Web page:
- Fiordland Crested Penguin - Eudyptes pachyrhynchus
- Erect-Crested Penguin - Eudyptes sclateri
- Snares Island Penguin - Eudyptes robustus
- Rockhopper Penguin - Eudyptes chrysocome
- Macaroni Penguin - Eudyptes chrysolophus
- Yellow-Eyed Penguin - Megadyptes antipodes
- African or Blackfoot Penguin - Spheniscus demersus
- Humboldt Penguin - Spheniscus humboldti
- Magellanic Penguin - Spheniscus magellanicus
- Galapagos Penguin - Spheniscus mendiculus
In 1577 Drake set sail for the Straits of Magellan for trade and exploration. On the 17th August 1578 they found three islands at the Straits of Magellan, one of which had many strange flightless birds which they killed many of for food. Welsh sailors aboard the Golden Hind named them pen gwyynn, meaning "white head".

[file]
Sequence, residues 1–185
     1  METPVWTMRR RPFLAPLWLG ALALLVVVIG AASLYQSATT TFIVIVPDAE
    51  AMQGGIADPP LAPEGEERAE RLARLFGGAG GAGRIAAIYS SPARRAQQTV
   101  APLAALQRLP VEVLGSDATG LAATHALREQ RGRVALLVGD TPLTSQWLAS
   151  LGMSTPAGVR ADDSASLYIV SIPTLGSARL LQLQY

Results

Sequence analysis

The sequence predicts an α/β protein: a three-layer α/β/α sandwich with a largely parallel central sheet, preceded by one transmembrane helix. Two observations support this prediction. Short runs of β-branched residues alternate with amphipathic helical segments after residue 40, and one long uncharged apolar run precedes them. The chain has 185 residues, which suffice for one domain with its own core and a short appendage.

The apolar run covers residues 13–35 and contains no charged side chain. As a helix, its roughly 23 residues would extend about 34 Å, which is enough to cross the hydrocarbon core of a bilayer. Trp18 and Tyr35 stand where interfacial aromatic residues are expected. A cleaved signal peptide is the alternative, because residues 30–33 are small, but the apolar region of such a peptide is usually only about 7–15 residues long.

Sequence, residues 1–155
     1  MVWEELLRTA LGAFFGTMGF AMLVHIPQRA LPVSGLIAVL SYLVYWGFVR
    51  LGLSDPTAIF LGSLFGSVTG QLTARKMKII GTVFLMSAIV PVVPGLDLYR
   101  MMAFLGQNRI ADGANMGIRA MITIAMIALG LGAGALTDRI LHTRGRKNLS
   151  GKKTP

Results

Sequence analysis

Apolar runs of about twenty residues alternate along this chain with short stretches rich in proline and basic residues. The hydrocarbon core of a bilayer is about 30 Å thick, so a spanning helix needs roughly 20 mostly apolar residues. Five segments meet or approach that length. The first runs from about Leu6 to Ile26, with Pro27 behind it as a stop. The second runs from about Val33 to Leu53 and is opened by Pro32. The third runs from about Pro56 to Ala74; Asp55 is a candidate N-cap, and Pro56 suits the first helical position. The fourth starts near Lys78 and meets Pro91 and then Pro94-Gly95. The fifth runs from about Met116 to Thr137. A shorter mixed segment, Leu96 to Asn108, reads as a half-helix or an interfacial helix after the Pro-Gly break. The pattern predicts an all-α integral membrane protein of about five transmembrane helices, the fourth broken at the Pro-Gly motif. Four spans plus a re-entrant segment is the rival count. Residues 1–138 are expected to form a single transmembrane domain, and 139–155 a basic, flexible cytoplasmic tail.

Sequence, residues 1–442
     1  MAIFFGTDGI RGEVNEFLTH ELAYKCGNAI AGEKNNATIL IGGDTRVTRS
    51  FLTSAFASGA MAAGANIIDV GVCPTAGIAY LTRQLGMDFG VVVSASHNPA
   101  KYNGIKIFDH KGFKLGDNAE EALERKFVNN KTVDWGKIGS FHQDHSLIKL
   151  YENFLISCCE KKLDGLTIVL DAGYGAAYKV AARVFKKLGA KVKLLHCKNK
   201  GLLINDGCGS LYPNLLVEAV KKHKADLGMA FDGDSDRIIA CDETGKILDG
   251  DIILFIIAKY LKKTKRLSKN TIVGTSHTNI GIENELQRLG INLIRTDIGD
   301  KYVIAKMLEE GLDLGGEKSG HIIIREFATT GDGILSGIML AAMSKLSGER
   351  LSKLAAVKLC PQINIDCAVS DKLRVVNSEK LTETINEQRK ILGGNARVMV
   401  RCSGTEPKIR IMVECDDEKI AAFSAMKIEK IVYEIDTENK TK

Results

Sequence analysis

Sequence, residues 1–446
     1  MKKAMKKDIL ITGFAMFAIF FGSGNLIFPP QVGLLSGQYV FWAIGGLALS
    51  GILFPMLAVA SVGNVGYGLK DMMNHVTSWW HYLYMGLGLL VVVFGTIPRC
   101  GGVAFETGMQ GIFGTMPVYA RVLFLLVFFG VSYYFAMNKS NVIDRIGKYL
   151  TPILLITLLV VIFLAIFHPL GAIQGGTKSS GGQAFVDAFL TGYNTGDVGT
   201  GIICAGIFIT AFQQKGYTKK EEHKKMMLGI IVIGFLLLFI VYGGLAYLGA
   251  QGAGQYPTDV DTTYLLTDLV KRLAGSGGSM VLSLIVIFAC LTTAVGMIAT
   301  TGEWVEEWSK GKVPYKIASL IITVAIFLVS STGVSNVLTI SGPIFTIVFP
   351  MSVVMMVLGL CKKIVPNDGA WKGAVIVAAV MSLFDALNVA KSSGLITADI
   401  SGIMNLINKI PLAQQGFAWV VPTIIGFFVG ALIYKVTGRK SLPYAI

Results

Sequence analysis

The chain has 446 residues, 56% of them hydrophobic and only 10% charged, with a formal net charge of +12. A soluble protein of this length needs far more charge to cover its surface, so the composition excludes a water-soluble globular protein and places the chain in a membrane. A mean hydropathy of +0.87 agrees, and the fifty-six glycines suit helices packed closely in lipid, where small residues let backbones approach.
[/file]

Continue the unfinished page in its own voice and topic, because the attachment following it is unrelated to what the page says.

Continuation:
The links below go to pages on individual species of penguins (as I write them), which includes photos and some information. So far I have only had a chance to do a page on Adelie Penguins, which I highly recommend. The other links are to zoos that have this type of penguin.
Don't want to go to Antarctica to see penguins? You don't have to to! Penguins range from the Galapagos Islands at the equator to the coast of Antarctica. Many types of penguins can be seen in New Zealand, Fairy penguins in Australia, Magellanic and Humbolt Penguins in southern South America, African in South Africa, and Galapagos penguins in the Galapagos Islands (of course!).
References"Seabirds - An Identification Guide" by Peter Harrison
"A History of Antarctica" by Stephan Martin
Published by State Library of New South Wales Press